A wave of hate has swept across the United States, and only the Sentinel of Liberty can stop it!  Your Major Spoilers (Retro) Review of Captain America #200 awaits!


Writer: Jack Kirby
Penciler: Jack Kirby
Inker: Frank Giacoia
Colorist: Don Warfield
Letterer: John Costanza
Editor: Jack Kirby/Marv Wolfman
Publisher: Marvel Comics
Cover Price: 25 Cents
Current Near-Mint Pricing: $26.00

Previously in Captain AmericaAfter a series of attacks wherein random people turn into murderous mobs, Captain America has tracked the “madbomb” epidemic to one William Taurey, a madman who wants to return the United States to an earlier era through the use of explosives and mind-altering devices.  On the eve of the 200th anniversary of America Independence, Captain America and the Falcon are on a desperate race to stop the biggest madbomb of them all, while bringing Taurey to justice.

Attacking Taurey’s estate in the hours just before dawn, Captain America and a squadron of SHIELD elite agents (some of whom are, confusingly, wearing yellow suits that resemble those of the science-types from AIM) quickly overcome Taurey’s security team, infiltrating his compound.  At the same time, in Philadelphia, The Falcon discovers the location of the last of the madbombs, the one called “Big Daddy!”

That top panel of Falcon in action is an example of how much fun 70s Kirby art can be.  Though I wasn’t old enough to buy this book off the stands, my Captain America collection covers these issues, and they were kind of a shocking change from the Englehart and Isabella runs that immediately predated them.  I remember being really bugged by Kirby’s bombastic writing and art, and for that, I can only say: I was totally wrong.  When The Falcon engages the Taurey forces with a cry of “It hasn’t happened yet, you SCHEMING DUM-DUMS!”, it becomes clear that we’re dealing with next-level comics madness here.  Falcon and SHIELD make their way into the bombsite, while Captain America seeks out Taurey himself…

Taurey and his loyalists (all what might be termed “one-percenters” in modern parlance) toast each other and their successful plan, even revealing Taurey’s true intentions: To avenge the loss by his distant ancestor in a duel against Steve Rogers’ distant ancestor.  Captain America takes advantage of this revelation to confront Taurey face-to-face.

The tense standoff continues, and while Taurey is focused on Captain America, Falcon successfully makes a final run at “Big Daddy.”   You can almost hear the clock ticking down…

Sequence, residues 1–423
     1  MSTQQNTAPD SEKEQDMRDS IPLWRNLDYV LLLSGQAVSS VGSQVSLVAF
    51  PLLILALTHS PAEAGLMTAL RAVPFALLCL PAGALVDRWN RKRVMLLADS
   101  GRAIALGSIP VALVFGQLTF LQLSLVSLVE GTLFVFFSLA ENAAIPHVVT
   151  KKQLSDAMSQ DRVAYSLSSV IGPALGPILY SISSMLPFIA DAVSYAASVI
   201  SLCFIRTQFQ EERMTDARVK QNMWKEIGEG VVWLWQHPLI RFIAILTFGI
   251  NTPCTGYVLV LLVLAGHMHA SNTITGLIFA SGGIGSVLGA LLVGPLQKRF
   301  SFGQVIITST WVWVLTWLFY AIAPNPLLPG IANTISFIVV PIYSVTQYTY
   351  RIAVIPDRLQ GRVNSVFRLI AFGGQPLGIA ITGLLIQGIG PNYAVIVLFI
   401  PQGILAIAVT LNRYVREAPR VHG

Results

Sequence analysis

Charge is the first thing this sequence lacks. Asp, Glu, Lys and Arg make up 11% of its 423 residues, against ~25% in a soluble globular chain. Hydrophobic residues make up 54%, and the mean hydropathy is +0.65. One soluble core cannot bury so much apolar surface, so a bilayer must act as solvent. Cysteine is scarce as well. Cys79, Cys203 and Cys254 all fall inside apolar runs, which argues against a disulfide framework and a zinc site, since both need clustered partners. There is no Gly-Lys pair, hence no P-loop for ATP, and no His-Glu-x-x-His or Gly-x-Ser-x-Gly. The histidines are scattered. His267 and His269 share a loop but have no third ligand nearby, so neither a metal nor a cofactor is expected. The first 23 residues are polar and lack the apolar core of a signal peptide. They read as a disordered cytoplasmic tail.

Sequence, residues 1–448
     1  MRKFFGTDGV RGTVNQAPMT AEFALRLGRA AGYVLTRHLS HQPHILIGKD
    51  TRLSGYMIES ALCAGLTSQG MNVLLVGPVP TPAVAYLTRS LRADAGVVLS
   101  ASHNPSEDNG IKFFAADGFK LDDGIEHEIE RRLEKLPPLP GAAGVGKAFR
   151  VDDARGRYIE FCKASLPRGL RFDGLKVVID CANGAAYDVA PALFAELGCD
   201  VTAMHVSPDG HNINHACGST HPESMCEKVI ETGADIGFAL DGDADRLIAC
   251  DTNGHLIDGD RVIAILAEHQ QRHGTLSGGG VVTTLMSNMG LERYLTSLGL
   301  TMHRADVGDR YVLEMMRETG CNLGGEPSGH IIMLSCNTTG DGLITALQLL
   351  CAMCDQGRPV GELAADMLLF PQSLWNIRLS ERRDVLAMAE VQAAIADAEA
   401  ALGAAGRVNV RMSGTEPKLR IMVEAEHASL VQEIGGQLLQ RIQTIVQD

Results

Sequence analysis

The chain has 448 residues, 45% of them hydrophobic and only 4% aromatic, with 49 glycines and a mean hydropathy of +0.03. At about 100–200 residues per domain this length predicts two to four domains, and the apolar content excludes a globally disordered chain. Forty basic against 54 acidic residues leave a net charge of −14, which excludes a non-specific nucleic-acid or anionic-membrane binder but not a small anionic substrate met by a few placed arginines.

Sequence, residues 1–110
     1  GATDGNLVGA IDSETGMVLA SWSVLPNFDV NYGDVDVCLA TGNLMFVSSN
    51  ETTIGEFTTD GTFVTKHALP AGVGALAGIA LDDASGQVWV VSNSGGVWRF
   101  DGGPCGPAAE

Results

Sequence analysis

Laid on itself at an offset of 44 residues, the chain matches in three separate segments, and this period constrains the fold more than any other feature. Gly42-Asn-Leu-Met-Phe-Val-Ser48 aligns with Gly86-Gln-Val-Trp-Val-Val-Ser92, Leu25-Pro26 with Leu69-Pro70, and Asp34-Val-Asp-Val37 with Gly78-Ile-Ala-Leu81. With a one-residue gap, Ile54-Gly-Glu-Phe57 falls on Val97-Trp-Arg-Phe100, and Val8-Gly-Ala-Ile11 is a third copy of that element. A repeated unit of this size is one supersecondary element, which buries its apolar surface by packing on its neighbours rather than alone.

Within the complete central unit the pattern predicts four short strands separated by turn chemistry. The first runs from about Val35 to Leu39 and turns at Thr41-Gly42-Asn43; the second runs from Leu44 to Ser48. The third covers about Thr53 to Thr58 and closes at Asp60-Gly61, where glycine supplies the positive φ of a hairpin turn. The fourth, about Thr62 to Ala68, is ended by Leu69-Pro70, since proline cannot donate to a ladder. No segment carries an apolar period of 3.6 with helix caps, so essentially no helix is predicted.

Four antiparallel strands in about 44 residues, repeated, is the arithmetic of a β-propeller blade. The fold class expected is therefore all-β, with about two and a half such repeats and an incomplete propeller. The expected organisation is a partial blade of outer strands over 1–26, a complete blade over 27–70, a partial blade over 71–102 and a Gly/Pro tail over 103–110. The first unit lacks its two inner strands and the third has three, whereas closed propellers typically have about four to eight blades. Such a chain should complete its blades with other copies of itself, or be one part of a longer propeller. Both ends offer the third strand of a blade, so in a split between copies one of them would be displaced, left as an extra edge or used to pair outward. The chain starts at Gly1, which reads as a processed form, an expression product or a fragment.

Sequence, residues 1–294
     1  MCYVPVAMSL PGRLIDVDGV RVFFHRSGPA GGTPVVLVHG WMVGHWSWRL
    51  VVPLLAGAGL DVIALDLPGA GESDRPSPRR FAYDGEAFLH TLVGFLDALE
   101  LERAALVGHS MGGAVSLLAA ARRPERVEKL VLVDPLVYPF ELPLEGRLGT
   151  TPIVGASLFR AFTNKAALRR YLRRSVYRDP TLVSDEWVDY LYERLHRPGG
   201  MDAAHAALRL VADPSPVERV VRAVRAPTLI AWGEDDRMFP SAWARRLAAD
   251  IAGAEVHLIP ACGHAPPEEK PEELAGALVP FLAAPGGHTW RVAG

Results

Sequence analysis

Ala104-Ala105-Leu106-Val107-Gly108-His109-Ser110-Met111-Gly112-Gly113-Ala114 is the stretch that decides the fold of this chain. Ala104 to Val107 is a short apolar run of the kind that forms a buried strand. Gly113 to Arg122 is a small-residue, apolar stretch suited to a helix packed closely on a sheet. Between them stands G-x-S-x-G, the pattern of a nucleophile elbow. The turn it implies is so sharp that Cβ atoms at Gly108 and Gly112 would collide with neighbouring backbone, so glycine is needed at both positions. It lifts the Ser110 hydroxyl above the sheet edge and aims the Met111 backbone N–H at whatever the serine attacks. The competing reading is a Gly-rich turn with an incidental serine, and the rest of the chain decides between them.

It’s a satisfying ending to a story that was a bit over-the-top, even for 1976 comics.  The idea of a fascist group of rich people conspiring to take over the government through the use of “madbombs” probably seemed crazy 40 years ago, but certain elements of this issue’s story resonate differently in 2019.  All in all, Captain America #200 was ahead of its time in more ways than one, and features Kirby’s all-caps, double exclamation point style in both the plotting and the art, combining for a well-deserved 4.5 out of 5 stars overall.  If you’ve ever complained that an anniversary issue doesn’t feel like enough of a celebration for any given comic, this book might put your frustrations to rest.

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Oddly Prescient

This issue is a bit uncomfortable in a modern context, but it's still wild and exciting Kirby, back on the character he co-created, featuring crazy art and tense plotting. A fine anniversary celebration.

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Once upon a time, there was a young nerd from the Midwest, who loved Matter-Eater Lad and the McKenzie Brothers... If pop culture were a maze, Matthew would be the Minotaur at its center. Were it a mall, he'd be the Food Court. Were it a parking lot, he’d be the distant Cart Corral where the weird kids gather to smoke, but that’s not important right now... Matthew enjoys body surfing (so long as the bodies are fresh), writing in the third person, and dark-eyed women. Amongst his weaponry are such diverse elements as: Fear! Surprise! Ruthless efficiency! An almost fanatical devotion to pop culture! And a nice red uniform.

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